The Monastery, also known as Ferguson’s Castle, located in Huntington Bay, was one of Long Island’s Gold Coast’s most impressive estates. Today all that remains is a wall too massive to tear down, a gatehouse, some ruins, some memories, and perhaps the ghost of the woman who built it.
Posts Tagged ‘Gold Coast of Long Island’
Posted in long island's gold coast, tagged A Christmas Carol, Chelsea Manor, East Norwich, Ghost Stories, Gold Coast of Long Island, Muttontown Preserve, Oyster Bay, snow scenes, winter landscapes on December 23, 2008| Leave a Comment »
Chelsea Manor, in the Muttontown Preserve in East Norwich, New York, was built by Benjamin Moore and his wife Alexandra. Moore was the great, great grandson of the author of the Night Before Christmas, also known as “a Visit From Saint Nicholas,” Clement Clarke Moore. It’s also a great place to sit in the snow and tell Christmas ghost stories. Go to A Gothic Cabinet of Curiosities and Mysteries to read the article
The Memorial Cemetery of St. John’s Church, designed by the Olmstead Brothers, who designed the gardens at Planting Fields Arboretum, Oheka Castle and many other Gold Coast Estates – a lovely place to spend an afternoon or an eternity.
The history of Castlegould and the Hempstead House in Sands Point, New York. Discover the story behind the construction and life of two of Long Island’s most incredible buildings, view photos of the gothic architecture, and relive the sex and scandal worthy of Jay Gatsby and F. Scott Fitzgerald. Go to A Gothic Cabinet of Curiosities and Mysteries to read the article
Rosemary Amphitheater, Rosemary Farm, Huntington, New York
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“A poor player, that struts and frets his hour upon the stage and then is heard no more; it is a tale told by an idiot, full of sound and fury, signifying nothing.”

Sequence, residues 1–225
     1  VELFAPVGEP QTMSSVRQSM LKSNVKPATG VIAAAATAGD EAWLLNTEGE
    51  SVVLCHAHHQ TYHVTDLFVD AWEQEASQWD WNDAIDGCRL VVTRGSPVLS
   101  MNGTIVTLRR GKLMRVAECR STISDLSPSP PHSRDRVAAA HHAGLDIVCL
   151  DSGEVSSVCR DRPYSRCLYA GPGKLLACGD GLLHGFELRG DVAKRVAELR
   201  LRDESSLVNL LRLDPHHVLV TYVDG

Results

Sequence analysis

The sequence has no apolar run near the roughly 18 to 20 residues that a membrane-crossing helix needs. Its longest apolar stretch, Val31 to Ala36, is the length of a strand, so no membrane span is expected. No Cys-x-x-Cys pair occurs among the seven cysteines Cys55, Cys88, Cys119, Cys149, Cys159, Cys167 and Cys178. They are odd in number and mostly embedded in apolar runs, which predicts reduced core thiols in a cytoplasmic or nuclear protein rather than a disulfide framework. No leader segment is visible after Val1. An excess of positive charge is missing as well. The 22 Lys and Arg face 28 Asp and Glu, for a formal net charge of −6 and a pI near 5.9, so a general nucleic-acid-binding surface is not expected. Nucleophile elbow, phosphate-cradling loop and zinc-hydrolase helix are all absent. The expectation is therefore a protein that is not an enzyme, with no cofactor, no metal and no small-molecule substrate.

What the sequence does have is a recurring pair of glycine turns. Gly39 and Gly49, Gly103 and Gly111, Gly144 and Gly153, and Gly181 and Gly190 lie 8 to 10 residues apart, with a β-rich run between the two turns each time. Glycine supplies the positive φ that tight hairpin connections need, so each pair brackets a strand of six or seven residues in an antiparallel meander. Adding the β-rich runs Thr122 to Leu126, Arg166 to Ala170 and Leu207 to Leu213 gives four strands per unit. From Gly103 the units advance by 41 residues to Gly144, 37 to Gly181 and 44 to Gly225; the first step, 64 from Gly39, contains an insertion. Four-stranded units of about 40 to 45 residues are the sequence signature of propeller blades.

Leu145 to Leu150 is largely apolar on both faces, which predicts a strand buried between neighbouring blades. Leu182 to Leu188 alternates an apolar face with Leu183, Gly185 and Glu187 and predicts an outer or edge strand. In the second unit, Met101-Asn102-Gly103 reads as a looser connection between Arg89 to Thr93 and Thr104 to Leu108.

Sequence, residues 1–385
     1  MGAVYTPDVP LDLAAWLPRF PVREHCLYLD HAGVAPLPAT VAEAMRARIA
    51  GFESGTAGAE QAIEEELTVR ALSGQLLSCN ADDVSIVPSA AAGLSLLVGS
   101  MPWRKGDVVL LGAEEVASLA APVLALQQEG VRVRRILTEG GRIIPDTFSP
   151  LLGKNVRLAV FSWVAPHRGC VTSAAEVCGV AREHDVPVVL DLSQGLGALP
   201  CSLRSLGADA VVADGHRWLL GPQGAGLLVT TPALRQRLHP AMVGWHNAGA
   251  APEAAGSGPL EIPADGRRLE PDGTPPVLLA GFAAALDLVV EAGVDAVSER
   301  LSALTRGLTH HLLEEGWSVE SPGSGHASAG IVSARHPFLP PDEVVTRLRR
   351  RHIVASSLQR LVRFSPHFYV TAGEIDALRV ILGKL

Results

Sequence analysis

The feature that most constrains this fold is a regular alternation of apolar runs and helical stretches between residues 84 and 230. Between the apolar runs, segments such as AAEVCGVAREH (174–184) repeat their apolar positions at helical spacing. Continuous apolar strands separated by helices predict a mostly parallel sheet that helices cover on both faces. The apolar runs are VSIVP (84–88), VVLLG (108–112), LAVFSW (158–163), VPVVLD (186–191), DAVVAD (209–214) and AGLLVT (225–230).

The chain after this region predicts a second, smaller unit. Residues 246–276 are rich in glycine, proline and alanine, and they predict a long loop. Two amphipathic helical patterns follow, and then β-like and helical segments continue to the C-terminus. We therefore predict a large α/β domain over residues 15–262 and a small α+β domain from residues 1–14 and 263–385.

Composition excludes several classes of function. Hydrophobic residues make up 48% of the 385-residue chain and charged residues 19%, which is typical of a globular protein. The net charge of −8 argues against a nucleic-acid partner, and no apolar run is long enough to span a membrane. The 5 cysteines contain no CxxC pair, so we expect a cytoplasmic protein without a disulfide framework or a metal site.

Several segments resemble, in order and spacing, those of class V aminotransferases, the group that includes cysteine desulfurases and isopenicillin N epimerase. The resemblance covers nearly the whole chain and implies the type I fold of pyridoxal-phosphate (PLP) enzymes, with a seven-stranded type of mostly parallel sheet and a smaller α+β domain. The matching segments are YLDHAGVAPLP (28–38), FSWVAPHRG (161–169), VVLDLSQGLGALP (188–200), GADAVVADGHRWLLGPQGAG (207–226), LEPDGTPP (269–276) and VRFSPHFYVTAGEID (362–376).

William Shakespeare, Macbeth
Across this bridge, some of the greatest performers of their generation walked – Sarah Bernhardt, John and Ethel Barrymore, Tyrone Powers, Helen Hayes and the entire 300 piece John Phillips Sousa Orchestra. The moat was once filled with water, and hidden in the moat were jets which would send water cascading up sixteen feet in the air, hiding the island that served as the stage from the rest of the 4,000 seat amphitheater between scenes. The moat was fed by a waterfall to the side of the stage, and the view was beautiful, not only of the stage, but of Long Island Sound further down the hill.
This wasn’t a theater built by a city, a corporation or as a business, it was a labor of love, built by a man for his wife, at the bottom of the hill from their house. It was built by patrons of the arts for their community and for the artists.
Today the stage is silent, shadows fall and like the rest of the amphitheater, overgrown with vegetation, grown taller than a person. The statues are gone, much of the stone which was used to build it is fallen from it’s original form, now just rubble. But the feeling is still there, when the brightest stars to be seen were on the ground and not in the sky.
Glen Cove, New York
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Winfield Hall is the quintessential haunted house. From rumors of the black arts being practiced there, to suicides, to the ghost of a young lady, this Glen Cove mansion seems designed to chill the blood.
F.W. Woolworth built Winfield in 1916, designed by architect Charles P.H. Gilbert, at an estimated cost of $9,000,000. The 56 room Italian Renaissance marble home contains a staircase which was $2,000,000 to build at the time, and boasted a chandelier made of blue and 15-karat gold leaf. The whole house is outfitted in a manor fit for royalty, mahogany, bronze, sterling silver. Woolworth’s bed was supposed to have originally belonged to Napoleon. Honeycombing the house is a network of secret passages, hidden chambers and deserted tunnels.